The United Kingdom has long had its own metaphorical hall of fame. This hall of fame doesn’t come with a red carpet and there’s only the odd gold gilded frame visible. Instead there is a funny patterned carpet which disguises some questionable stains with biscuit crumbs and the welcoming smell of ‘ahh Bisto’ wafting through the halls. This hall of fame features any Brit who has been dubbed a ‘national treasure’, either by the Mirror or the Sun- aka the ‘people’s’ mouthpieces. It features everything from: the BBC (hanging on in there by a thread), submissive mannerisms (sorry), the nation’s ability to queue for hours, Terry Wogan and Mary Berry make the cut, as does the smell of undercooked batter dominating any seaside town. And so, for his second solo show at the Cob Gallery, Joe Sweeney has delved into this subconscious hall of subliminal fame with a show titled, “Loose Change.”
The show follows Joe through another year nit-picking on England and its ridiculous personality traits. Using mediums ranging from plaster to digital print, textiles and neon, the twenty-something year old artist has produced works with names that sell themselves. Touching on 2016’s ‘5p Gov. bag charge’ law, Sweeney introduces a work called “'Holy Ghost” a collection of plaster 5p bags - an ode to the stubborn lifespan of plastic which will outlive us all and age a lot better for that matter. His penchant for print making and ease with fabric has helped him make a slightly softer, subtler nod to our seaside towns with a hanging piece titled: “We are a portion of everything we’ve ever loved”- a digitally printed greasy chip shop silk banner, that is as delicate as the newspaper you put your fish and chips on after you’ve added too much vinegar. There’s a lot more; nods to a fading masculinity and the macabre yet overly familiar way we deal with icons, the hopes that die with them and our dealings with it.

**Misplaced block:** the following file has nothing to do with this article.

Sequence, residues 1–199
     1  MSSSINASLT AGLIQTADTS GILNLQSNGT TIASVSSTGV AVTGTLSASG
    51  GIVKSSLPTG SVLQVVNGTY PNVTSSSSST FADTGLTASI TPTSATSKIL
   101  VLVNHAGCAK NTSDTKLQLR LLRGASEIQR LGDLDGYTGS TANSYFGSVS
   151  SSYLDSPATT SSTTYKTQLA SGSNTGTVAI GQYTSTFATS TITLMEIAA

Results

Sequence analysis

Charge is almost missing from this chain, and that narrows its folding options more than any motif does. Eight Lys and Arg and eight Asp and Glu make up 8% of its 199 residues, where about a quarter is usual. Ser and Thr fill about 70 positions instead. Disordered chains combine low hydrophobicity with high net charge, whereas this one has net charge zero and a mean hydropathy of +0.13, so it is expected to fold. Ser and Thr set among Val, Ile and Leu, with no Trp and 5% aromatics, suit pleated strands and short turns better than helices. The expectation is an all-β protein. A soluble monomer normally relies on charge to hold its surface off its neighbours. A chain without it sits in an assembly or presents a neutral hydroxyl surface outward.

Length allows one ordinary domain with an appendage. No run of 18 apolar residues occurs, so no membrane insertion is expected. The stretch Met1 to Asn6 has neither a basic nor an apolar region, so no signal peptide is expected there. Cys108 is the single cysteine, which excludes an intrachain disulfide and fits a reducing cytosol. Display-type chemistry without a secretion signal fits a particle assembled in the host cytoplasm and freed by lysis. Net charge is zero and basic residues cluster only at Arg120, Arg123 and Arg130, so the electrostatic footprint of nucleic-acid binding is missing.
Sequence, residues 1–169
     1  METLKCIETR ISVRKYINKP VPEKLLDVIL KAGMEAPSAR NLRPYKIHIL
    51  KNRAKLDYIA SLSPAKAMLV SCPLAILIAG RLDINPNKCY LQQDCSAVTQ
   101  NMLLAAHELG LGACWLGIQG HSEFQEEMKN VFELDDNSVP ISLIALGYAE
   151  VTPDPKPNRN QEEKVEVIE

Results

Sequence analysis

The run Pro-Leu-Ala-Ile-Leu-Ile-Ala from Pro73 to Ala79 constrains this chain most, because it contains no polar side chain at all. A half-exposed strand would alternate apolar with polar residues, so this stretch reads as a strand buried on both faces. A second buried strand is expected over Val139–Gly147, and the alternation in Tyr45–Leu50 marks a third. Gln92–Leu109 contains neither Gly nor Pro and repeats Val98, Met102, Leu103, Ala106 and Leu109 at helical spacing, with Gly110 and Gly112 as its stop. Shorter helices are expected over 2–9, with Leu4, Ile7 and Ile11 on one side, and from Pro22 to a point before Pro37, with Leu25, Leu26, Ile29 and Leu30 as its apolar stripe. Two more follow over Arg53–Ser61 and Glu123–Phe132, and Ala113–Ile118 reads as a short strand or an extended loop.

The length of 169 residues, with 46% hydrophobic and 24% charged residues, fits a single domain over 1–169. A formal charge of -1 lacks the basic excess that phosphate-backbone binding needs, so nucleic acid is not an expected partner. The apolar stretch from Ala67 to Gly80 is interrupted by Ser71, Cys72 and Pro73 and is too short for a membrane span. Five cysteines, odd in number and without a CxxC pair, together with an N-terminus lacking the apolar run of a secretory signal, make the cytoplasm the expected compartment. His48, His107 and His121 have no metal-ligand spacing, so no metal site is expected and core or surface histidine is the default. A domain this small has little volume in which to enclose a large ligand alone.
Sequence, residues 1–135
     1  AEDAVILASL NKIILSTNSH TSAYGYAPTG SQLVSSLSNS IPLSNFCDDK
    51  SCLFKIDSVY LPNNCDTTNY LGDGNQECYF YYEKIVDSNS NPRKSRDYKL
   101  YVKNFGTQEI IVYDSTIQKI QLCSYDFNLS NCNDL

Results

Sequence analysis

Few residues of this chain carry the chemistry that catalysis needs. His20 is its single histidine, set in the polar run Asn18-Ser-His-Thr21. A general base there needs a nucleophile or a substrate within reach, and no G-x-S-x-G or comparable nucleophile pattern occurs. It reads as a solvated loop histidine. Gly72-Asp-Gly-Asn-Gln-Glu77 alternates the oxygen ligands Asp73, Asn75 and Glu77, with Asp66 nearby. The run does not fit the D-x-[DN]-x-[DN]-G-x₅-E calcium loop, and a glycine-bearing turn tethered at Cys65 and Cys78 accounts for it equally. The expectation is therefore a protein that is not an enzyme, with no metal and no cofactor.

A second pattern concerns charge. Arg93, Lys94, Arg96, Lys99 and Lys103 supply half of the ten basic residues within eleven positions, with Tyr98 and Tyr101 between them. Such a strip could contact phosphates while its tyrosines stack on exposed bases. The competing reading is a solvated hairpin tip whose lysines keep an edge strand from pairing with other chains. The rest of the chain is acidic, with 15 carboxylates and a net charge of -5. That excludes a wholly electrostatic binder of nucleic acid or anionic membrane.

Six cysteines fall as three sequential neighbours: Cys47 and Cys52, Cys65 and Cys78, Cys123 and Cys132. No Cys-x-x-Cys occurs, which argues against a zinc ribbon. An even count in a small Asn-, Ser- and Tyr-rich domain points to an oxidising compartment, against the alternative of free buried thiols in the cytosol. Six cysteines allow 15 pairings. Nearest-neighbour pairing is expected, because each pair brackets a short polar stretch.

“Loose Change” can feel somewhat cannibalistic. It’s all encompassing, vying for attention, with every piece aiming to out-shadow one another while packing a punch. It has more layers than that onion you’re chopping for gravy. But what makes his work so great, so appealing and so wet-your-knickers-good, is while on the surface it feels easy to look at, easy to inhale and initially easy to understand, it tells the tale of transgression, social transgression and our struggle with it. I guarantee you’ll never look at a shop sign the same way. Hanging meat wont make you gag and the 5p bag becomes novel not a nuisance.
But don’t be mistaken in thinking this is silly art, all a bit of fun. It oozes emotions that go far beyond a cheap laugh. Solidarity, acceptance, banality and ‘throw-away’ life echo loudly in his work. From Camp to Corner shop, to a man whose life’s legacy is just his Tesco Express receipts. It’s funny yes, easy to chew, yes. But digesting it engulfs you in an unidentified feeling, think hard enough and his work can be uncomfortable to stare at. That’s what makes it so bloody exciting.
It is this despondent, everyday acceptance of the mundane which Sweeney has put a magnifying glass on in “Loose Change.” He says his fasciation of Britain lies in the way “we seem to operate in this realm of melancholy which creates quite a sardonic point of view, it’s hardy and it’s witty. And maybe a sense of morbidity, bolstered by our obsession with nostalgia, which I think particularly reflects our hardwiring as an island nation with tempestuous weather”.
To understand the work, you need to know the artist a bit. Joe Sweeney is quick. He’s quicker than the red arrows or crack head scuttling passed you on their way to score. His humour is a squeeze of lemon juice in a paper cut you didn’t know you had- he’s not mean but my god his euphemisms, puns, jokes and harsh realties are so nail bitingly close to the bone it makes you want to be vegan. Joe is a one-man band, and where there is a fine line between inspiration and obsession, Joe strides over it, sits on top of it and plays with it like a cat does a mouse. He can capture the sights that wander by us daily, unnoticed and forgotten, from seaside Britain in the 70s to “U OK HUN??” millennials of the now, his work is frighteningly of the now with scratchy echo’s of the past too.
“Loose change” does what it says on the tin. It’s exactly like the loose change in your pocket- when you are stripped of everything else, you’ve emptied your wallet, dug deep, what’s left? Sweeney has somehow managed to find the obscene and unseen in the mutinously mundane. “Loose Change” promises to be perverted, perverse, glum but my-jaw-aches fun–and isn’t that ‘effing great?